Transparent OLED is growing – but are see-through TVs on their way?
LG Display, the TV maker behind the world’s first rollable OLED TV, is ramping up production of its transparent OLED displays.
As reported by Pulse News, LG is looking to double its output of the commercial displays, which are aimed at storefronts and public advertisements – though the question remains of whether transparent TVs could end up being pushed for the home, which seems increasingly likely as manufacture scales up even more.
LG is currently the market leader for commercial displays worldwide, with 39.7% of sales for the start of 2019 – though the company is said to be looking to increase the percentage of OLEDs in that output from around 20-30% to over 50%.
See right through you
There’s a clear case for transparent signage and displays in public spaces, given the practicality of being able to view from either the front or back – ideal for customers roaming stores and wanting to be see information from various angles. OLED screens, too, are generally better for off-axis viewing than their LCD counterparts (though the Ultra Viewing Angle technology in Samsung’s 2019 lineup is catching up).
The greater expense of manufacture for a see-through display, however, makes it a less common feature in home televisions. That could be set to change.
A subsidiary of LG’s rival manufacturer Samsung filed a patent for something called a ‘Window TV’ last year, which would likely add to the company’s range of lifestyle TVs – such as Samsung The Frame, or Samsung The Wall. There’s little to go on aside from the name at the moment, though it suggests a commercially-available transparent TV is likely on the way.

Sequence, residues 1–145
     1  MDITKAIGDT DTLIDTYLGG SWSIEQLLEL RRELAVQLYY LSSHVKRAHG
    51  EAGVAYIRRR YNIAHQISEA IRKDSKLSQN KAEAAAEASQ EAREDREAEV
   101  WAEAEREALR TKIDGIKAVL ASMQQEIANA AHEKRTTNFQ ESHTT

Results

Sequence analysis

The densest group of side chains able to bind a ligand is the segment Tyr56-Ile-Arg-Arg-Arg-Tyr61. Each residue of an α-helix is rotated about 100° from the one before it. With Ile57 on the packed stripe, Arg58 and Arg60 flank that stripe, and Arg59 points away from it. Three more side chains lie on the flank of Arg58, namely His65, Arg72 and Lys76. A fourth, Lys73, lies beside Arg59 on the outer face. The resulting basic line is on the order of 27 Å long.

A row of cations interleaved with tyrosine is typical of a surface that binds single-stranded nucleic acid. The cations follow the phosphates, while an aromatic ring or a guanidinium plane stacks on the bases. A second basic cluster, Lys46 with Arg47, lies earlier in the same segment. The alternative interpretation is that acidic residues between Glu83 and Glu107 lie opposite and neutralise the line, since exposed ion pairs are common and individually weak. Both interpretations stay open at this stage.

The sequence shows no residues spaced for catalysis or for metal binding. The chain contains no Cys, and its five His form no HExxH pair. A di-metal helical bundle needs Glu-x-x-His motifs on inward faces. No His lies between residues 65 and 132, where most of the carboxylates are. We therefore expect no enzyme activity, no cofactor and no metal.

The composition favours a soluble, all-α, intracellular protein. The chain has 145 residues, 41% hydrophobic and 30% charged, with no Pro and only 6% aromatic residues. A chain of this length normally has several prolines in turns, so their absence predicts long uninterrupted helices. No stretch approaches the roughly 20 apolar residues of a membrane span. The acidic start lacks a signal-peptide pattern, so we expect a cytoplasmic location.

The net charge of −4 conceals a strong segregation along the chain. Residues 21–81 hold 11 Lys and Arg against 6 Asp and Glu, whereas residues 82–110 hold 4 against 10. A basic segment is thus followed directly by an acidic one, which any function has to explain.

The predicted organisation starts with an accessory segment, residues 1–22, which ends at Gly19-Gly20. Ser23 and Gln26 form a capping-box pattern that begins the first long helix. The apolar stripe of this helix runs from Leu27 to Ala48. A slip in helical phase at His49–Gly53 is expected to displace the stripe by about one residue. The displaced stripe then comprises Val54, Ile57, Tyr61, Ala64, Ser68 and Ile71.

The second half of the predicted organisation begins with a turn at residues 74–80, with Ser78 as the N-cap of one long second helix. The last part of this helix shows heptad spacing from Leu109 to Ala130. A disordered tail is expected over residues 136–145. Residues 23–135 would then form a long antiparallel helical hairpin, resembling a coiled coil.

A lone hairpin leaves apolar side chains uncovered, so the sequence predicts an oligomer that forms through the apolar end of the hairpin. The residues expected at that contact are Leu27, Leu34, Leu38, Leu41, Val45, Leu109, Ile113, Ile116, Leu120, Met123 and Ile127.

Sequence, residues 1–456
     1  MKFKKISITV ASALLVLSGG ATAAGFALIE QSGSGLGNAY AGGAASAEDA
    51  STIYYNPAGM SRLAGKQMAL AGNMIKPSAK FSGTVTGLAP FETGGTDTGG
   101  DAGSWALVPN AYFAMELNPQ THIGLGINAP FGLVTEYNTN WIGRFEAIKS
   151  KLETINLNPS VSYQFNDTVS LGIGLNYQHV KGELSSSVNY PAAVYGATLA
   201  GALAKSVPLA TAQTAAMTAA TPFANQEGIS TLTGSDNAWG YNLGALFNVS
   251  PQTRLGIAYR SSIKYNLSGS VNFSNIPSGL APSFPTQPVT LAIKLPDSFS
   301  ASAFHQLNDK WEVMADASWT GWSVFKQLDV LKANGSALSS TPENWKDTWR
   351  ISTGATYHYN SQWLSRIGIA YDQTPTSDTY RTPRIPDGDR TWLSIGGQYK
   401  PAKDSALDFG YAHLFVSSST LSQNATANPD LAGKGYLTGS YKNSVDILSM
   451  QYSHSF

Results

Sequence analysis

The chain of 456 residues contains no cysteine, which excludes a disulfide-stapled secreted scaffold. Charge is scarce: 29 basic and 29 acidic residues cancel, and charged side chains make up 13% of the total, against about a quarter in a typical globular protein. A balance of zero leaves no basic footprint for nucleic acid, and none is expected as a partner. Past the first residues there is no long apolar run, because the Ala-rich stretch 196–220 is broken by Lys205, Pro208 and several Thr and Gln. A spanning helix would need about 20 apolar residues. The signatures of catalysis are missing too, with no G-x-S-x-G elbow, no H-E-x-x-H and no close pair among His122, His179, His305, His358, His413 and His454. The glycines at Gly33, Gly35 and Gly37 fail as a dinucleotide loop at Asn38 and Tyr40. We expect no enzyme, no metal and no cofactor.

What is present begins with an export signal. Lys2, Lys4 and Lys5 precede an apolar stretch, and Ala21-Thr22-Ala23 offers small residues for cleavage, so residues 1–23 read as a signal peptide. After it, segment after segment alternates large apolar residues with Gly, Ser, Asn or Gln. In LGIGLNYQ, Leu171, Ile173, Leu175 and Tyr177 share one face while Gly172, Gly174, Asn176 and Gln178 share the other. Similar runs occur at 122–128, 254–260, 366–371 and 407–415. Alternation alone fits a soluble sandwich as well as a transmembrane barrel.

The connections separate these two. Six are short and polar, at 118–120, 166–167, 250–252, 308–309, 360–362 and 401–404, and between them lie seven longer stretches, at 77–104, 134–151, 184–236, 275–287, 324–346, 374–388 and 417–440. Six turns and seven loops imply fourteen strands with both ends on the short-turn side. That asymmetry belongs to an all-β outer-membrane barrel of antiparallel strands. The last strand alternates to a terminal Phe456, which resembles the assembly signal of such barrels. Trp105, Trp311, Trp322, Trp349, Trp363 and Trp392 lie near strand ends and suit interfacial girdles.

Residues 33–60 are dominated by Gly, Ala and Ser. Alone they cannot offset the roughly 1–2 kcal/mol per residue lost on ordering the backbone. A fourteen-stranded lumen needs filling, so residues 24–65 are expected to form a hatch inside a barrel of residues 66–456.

TV maker Panasonic has also unveiled a prototype transparent TV (see image below), which uses “high contrast light film” in between two panes of glass to reproduce images “even in brightly lit environments” (via Panasonic.net). However, we’re yet to hear anything like a retail price or release date.
We know LG is working on a transparent, foldable smartphone, with a rollable OLED television coming to shelves before the year is out. It’s certainly experimenting with some new form factors, even if these features will be the recourse of high-earners rather than the average gadget buyer.
We’ve been here before
Right now, Samsung doesn’t work in OLEDs. The company dropped the technology to develop its competing QLED displays, which are essentially LCD TVs with enhanced brightness – and a quantum dot filter to enhance the contrast of the images onscreen.
Samsung also previously offered transparent OLED models, though ditched the venture back in 2016, likely due to poor sales. At the time, an external source told TechRadar that this was because “the global quantity is not high enough for Samsung to justify the investment [in Transparent OLED].”
So, could transparent televisions make a comeback? As ever, a cool feature that piques the public interest doesn’t always translate to sales. But if transparent OLEDs continue to sell well in commercial displays, it may not be too much of a stretch – or an expense – for LG or its rivals to start offering transparent televisions for the home, even in a small number.